The heavy-haul case for electric trucks

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Updated Nov 2, 2021
Scania intermodal
Jula Logistics, headquartered in Skara, Sweden, already saves 70% on energy and emissions per transported unit by simply doubling up loads, and the company is now looking to slash those emissions to zero by going electric early next year.

Electric trucks will never work due to weight. The more the truck weighs, the fewer miles it can travel.

I'm sure you've heard those claims as two strikes against the electrification of trucking. The math checks out. Batteries are for sure heavy. Just one standard vehicle battery can weigh up to 50 pounds. By comparison, a gallon of diesel fuel weighs about 7 pounds. 

And the more you ask a battery to do, the shorter amount of time in which it can do it. Your cell phone is an example of that. Watching Netflix can burn down a full charge in a matter of hours. 

Jula Logistics' 105-foot rig is powered by Scania truck and it drags two containers on each trip. European trucks are allowed to carry 40 metric tons and bring a 12 meter (about 40 feet) container. Since 2015, Jula Logistics uses a vehicle twice that size. With a total weight of more than 70 tons (including load and trailer) Jula Logistics might not be the bast candidate for electrification, right?

Not so fast. Jula Logistics, headquartered in Skara, Sweden, already saves 70% on energy and emissions per transported unit by simply doubling up loads, and the company is now looking to slash those emissions to zero by going electric early next year. 

Jula Logistics' cargo arrives to the port in Gothenburg by boat where it is then stowed onto a train that goes to Falköping. From there, the cargo is carried by truck to a warehouse in Skara. Jula Logistics CEO Lennart Karlsson said the carrier would make the chain of transport even more sustainable by installing solar panels on the roof of its warehouse.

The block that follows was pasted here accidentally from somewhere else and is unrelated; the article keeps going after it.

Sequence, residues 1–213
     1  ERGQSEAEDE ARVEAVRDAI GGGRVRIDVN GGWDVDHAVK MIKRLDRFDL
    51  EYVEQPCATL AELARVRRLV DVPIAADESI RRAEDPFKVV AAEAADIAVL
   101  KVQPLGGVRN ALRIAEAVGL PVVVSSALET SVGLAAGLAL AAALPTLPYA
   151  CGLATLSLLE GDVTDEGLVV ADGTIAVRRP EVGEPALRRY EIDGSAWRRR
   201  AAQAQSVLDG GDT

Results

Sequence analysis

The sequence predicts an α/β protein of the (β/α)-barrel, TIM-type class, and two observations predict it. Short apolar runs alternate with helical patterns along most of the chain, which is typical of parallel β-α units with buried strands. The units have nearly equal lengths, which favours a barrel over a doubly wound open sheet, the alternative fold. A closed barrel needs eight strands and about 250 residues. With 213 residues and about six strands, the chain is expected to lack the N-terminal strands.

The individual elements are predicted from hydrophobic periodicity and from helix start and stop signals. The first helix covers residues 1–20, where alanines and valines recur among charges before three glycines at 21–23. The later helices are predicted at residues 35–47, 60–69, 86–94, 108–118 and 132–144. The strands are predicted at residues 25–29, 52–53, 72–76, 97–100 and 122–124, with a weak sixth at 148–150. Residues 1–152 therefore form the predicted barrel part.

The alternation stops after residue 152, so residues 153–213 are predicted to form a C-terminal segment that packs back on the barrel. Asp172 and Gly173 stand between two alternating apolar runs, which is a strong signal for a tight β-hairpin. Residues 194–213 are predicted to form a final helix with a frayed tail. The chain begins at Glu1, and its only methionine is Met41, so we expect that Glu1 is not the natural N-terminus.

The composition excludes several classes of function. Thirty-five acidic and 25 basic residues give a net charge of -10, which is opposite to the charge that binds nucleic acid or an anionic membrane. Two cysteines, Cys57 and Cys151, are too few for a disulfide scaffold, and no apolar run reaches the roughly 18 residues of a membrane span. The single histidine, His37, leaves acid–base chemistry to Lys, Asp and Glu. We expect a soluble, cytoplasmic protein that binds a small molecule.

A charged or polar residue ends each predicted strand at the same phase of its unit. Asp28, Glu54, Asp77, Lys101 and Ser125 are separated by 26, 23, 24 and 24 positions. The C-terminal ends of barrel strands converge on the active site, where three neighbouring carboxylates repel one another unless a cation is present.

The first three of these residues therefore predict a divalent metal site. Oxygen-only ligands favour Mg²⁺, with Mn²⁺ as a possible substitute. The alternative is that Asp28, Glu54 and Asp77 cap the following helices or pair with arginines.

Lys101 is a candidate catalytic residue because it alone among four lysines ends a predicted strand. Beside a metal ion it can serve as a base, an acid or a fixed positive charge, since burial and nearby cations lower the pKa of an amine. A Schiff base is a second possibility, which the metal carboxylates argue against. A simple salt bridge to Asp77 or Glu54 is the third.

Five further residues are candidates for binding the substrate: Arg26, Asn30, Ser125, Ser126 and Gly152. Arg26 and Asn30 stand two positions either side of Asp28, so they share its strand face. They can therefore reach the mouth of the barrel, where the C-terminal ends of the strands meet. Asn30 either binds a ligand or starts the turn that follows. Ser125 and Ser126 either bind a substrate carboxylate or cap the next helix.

Intermodal work is one of the strongest business cases for electric since it's low-mileage and consistently near a terminal. But over 100 feet long and 140,000 pounds? Can't say I saw that coming. 

Scania and Jula Logistics worked together to develop the extra-long and heavy vehicle to take the round-trip from where the train stops in Falköping to the warehouse in Skara a couple of times – a distance of a little less than 40 miles. 

”The new, extremely long and heavy electrified truck is a great example of how a close dialogue with customers makes it possible for us to build a one-of-a-kind vehicle that meets that particular customer’s demands at a very early stage, also for a model that is not in series production,” said Fredrik Allard, Scania's head of e-mobility.

The two companies are now working up a detailed overview of energy consumption and an optimized route schedule while simulating the truck's charging needs to ensure the massive electric rig can do what the carrier needs done. A vital part of Scania's collaboration with Jula Logistics will be the optimization of the charging process and related infrastructure.

”Our partnership with Scania shows that this is technically possible, but we also need to create a long-term possibility to drive these longer vehicles that enable us to have a larger amount of cargo on the last part of our intermodal flow,” said Karlsson. Scania and Jula Group are aiming for a long-term partnership with extensive electrification of the transport flows that Jula Logistics runs. 

I have a fairly short bucket list of big trucks that I want to drive. I've already checked off a few, including Volvo's SuperTruck and International’s CatalIST Super Truck. I'd still like to get behind the wheel of Walmart's WAVE truck, and I'd love to drag a road train through the middle-of-nowhere, Australia. Now, maybe even at the top of that list, rests Scania's extra-long electric heavy-hauler – a truck I probably never would have put money on ever coming into existence.